Malta has recorded 106 new COVID-19 cases in 24 hours, marking its highest single-day count since the start of the outbreak.

Superintendent of Public Health, Charmaine Gauci described the situation as "serious" and warned that the number of people being treated in hospitals has also increased

The previous daily record was on Sunday, when 78 new cases were reported, many of whom are residents of homes for the elderly. 

It comes as pupils prepare to return to schools, which are scheduled to reopen at the end of the month. Malta's two teaching unions reacted to the news by calling on authorities to keep schools closed. 

Malta has the fourth highest active COVID-19  cases in the EU per 100,000 but it also has among the highest rate of testing. Some 2,470 tests were carried out over the last 24 hours and a further 22 patients recovered.

Gauci said officials were assessing the situation and investigating the cases to trace the possible causes. 

"A number of today's new cases are from homes from the elderly, while a good number are sporadic," she told Times of Malta on the fortnightly Ask Charmaine Facebook live programme.

"These are the worrying cases as they are the ones that spread in the community. Several are related to workplace and family clusters."

Doctors’ union head Martin Balzan said it was baffling that the health authorities had not declared a public health emergency as COVID-19 numbers rise.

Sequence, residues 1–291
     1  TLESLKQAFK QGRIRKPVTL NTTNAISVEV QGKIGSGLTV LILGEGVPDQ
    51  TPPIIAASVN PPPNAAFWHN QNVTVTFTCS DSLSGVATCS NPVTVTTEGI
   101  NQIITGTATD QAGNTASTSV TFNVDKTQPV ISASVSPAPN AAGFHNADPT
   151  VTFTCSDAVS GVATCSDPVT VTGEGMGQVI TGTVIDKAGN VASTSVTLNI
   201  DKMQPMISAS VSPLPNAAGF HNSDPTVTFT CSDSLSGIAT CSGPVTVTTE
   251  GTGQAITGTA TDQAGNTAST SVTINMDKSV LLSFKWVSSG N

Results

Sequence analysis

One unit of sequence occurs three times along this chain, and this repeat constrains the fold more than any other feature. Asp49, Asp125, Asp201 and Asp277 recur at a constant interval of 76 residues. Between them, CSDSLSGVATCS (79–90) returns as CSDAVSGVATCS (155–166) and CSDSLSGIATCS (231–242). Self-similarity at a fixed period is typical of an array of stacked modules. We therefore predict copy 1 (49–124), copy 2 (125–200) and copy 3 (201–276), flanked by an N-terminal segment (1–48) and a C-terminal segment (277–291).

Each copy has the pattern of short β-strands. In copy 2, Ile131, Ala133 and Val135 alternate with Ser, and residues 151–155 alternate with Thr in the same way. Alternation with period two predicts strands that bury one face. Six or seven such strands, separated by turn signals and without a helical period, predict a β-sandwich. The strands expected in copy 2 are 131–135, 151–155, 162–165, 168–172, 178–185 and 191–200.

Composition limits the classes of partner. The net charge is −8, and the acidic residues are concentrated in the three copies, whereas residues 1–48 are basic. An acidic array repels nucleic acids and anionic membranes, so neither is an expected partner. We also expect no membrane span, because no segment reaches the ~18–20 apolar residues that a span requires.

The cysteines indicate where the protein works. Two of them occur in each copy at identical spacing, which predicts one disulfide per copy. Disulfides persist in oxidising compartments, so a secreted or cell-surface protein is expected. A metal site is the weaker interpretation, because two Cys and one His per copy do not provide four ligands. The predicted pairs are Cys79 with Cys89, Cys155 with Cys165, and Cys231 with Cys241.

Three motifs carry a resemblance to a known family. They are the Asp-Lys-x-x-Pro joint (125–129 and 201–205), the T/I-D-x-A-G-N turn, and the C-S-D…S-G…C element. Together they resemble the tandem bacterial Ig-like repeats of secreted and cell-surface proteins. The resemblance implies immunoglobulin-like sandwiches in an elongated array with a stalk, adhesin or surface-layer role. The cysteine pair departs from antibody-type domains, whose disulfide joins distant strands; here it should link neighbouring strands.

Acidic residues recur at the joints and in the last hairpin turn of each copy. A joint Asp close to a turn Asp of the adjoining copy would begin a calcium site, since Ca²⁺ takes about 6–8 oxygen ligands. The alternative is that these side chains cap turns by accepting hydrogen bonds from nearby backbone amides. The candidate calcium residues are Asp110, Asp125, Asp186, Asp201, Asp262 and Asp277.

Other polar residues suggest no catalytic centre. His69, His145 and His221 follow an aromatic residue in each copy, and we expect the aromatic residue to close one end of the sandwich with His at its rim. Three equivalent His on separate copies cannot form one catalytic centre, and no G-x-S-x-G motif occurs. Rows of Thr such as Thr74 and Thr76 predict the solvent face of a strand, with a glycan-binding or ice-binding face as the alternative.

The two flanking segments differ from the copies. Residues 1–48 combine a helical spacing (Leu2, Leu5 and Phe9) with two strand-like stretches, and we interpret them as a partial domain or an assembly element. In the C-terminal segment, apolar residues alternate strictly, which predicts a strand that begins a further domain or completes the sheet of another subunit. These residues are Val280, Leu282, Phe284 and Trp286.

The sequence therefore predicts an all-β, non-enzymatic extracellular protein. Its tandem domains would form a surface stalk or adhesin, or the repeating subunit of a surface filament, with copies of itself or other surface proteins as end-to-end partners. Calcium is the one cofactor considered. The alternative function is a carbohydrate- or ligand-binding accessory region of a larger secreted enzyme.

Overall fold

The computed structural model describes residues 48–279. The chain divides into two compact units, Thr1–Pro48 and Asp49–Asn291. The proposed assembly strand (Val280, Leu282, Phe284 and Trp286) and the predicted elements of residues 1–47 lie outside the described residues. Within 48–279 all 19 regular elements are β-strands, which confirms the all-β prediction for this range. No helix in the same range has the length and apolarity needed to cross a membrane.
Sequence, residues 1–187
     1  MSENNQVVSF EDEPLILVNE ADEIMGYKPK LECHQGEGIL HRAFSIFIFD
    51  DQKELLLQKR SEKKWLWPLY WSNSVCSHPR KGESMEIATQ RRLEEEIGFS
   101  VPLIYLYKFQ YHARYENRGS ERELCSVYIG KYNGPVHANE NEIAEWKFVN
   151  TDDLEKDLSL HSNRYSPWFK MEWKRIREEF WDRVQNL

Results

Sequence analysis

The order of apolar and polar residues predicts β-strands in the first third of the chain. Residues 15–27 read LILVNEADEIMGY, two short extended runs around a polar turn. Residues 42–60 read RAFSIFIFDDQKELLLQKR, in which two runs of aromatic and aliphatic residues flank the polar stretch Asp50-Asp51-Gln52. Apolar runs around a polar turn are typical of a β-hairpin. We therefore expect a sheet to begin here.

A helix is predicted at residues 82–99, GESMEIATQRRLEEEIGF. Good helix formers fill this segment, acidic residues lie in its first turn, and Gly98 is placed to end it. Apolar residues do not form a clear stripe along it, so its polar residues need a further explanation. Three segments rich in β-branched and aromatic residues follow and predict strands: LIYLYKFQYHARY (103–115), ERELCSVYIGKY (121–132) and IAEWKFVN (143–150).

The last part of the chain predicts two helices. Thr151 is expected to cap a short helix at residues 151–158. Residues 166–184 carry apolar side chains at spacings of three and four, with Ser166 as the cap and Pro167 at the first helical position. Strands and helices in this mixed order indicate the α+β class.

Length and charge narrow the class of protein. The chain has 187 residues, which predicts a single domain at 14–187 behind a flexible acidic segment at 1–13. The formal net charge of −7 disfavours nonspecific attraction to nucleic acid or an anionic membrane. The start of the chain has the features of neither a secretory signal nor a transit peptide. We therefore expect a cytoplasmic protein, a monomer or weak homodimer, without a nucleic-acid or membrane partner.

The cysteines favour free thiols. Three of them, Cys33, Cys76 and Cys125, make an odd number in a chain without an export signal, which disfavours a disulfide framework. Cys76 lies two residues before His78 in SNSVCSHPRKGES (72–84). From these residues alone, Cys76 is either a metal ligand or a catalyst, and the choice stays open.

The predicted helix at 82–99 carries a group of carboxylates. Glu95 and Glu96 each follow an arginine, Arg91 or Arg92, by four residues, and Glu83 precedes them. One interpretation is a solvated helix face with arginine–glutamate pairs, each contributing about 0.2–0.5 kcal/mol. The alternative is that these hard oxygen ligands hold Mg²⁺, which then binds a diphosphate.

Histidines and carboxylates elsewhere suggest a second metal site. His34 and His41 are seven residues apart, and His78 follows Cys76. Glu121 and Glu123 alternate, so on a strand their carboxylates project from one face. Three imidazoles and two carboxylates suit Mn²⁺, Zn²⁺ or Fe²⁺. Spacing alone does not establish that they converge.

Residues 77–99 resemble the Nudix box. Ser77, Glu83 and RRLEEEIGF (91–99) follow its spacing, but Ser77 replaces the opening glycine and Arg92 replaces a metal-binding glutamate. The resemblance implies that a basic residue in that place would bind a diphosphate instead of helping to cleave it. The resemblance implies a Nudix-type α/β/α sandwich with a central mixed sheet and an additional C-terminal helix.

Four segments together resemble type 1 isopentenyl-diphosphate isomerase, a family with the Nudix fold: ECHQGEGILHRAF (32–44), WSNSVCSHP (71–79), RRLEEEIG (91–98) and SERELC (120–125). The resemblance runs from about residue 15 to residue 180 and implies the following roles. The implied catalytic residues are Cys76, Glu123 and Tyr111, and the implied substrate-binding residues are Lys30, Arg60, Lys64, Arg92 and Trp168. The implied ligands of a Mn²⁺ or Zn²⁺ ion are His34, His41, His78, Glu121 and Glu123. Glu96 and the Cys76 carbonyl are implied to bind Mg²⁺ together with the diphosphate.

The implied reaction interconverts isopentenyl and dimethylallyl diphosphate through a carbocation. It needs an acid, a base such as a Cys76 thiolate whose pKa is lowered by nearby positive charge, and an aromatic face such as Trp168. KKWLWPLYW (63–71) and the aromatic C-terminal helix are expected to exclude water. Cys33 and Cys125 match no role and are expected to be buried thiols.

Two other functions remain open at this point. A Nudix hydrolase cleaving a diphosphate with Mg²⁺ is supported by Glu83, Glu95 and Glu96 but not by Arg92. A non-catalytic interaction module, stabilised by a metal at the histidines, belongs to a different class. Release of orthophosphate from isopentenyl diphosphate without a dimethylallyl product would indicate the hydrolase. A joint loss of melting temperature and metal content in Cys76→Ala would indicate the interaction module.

He said: “I cannot understand how this has not been declared. The most worrying aspect of all this is that COVID-19 is now in the homes for the elderly. The death rate might get higher and the hospitals could soon be overwhelmed."

Gauci said authorities were assessing the situation.


Charmaine Gauci was live on Times of Malta's Facebook page 

She underlined the importance of people taking measures including social distancing, washing hands and wearing masks. 

Malta registered the first COVID-19 case on March 6. During the first week of July, the numbers dwindled, with several days of no new cases being detected.

By the end of the month, the numbers increased, with cases linked to large parties, nightclubs and a festival.

A total of 16 patients have died of coronavirus in Malta. More than 218,600 tests have been carried out. 

While most restrictions were lifted in July, when the airport reopened, a series of new measures were introduced on August 17, limiting mass events and introducing test result requirements on visitors from a number of countries. 

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